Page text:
Mourning Elie Wiesel
Dr. Elie Wiesel was motivated by his experience as a survivor of the Holocaust to become one of the world’s foremost advocates for social justice and human rights. He was also a friend to members of the Vancouver Holocaust Education Centre community and we mourn his passing. In his writing and his activism, he gave voice to the experiences of survivors but, as he acknowledged, also saw it as his responsibility to represent those who did not survive.
Wiesel and Robbie Waisman, a past president of the VHEC, were among the 426 “Boys of Buchenwald” liberated on April 11, 1945, and began their post-Shoah lives together at a facility in France.
“We had a common bond,” Waisman said. “On the 11th of April, I usually go into my office and call some of the boys. Elie was part of it. There’s so much that I shared with him.
“The world lost an irreplaceable human being.”
Dr. Robert Krell – recipient of the Elie Wiesel Holocaust Remembrance Medal for his work in Holocaust education, psychiatric contributions to the care of Holocaust survivors, and his role as founding president of the VHEC, which Wiesel visited – became friends with Wiesel over several decades.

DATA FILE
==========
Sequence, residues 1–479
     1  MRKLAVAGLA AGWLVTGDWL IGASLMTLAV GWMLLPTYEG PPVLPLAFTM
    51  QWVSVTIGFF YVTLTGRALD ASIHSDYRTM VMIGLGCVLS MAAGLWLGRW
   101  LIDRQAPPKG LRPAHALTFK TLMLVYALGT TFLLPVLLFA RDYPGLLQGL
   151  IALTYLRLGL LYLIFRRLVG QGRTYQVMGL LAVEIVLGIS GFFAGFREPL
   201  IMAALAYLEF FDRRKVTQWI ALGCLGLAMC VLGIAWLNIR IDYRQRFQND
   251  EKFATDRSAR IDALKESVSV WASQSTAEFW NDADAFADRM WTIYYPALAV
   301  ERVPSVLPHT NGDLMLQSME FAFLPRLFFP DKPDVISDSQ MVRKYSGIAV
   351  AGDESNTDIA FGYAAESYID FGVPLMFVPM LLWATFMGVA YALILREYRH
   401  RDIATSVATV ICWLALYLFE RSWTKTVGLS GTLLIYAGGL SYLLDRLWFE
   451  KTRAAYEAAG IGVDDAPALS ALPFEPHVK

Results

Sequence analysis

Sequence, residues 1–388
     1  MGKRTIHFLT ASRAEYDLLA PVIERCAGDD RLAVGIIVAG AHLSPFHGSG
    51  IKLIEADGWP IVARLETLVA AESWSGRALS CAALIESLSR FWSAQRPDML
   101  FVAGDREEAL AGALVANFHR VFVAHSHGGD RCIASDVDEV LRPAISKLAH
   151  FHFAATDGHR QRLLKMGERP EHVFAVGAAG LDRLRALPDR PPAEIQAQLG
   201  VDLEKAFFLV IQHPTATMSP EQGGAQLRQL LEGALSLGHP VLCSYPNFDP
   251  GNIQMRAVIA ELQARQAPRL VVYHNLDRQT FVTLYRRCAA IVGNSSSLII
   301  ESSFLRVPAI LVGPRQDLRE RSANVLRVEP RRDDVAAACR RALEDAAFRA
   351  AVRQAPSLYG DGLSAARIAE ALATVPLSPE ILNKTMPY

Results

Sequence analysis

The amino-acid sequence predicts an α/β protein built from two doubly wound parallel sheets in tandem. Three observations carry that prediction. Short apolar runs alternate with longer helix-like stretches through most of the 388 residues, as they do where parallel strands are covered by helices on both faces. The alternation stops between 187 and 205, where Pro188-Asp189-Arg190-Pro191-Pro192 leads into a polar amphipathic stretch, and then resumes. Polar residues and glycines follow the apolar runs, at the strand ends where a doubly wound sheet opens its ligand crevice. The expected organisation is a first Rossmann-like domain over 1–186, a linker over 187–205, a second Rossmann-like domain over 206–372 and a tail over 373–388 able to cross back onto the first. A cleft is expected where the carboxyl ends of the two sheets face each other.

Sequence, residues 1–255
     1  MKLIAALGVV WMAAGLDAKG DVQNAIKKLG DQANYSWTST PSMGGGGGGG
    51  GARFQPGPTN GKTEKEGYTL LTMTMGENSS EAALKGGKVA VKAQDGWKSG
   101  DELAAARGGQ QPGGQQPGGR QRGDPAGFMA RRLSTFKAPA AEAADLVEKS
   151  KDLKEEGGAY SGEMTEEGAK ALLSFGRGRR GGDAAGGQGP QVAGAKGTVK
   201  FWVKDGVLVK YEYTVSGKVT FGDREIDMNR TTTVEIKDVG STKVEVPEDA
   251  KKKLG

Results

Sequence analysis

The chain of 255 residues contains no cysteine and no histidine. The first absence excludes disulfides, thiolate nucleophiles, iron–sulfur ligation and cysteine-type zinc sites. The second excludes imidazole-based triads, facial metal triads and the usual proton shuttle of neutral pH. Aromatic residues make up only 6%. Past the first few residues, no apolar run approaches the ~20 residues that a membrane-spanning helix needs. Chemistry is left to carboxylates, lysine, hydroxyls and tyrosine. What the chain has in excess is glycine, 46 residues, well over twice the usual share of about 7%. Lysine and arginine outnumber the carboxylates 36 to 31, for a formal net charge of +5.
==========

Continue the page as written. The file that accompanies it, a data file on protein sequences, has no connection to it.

“He was the kindest, gentlest, wisest person in my life,” said Krell. “And he always made time for me, although he was also the busiest and most prevailed upon person imaginable.”
Wiesel once said: “There is much to be done, there is much that can be done.” And the Vancouver Holocaust Education Centre commits to continuing the work that defined his life’s mission.
The VHEC will honor the life and work of Elie Wiesel during our annual High Holidays Cemetery Service. The commemoration will take place at 11 a.m. on Sunday, Oct. 9, at Schara Tzedeck Cemetery, 2345 Marine Dr., New Westminster. Everyone is welcome.
The service, held annually on the Sunday between the High Holidays, affords participants the opportunity to mourn those who perished during the Holocaust at this symbolic gravesite.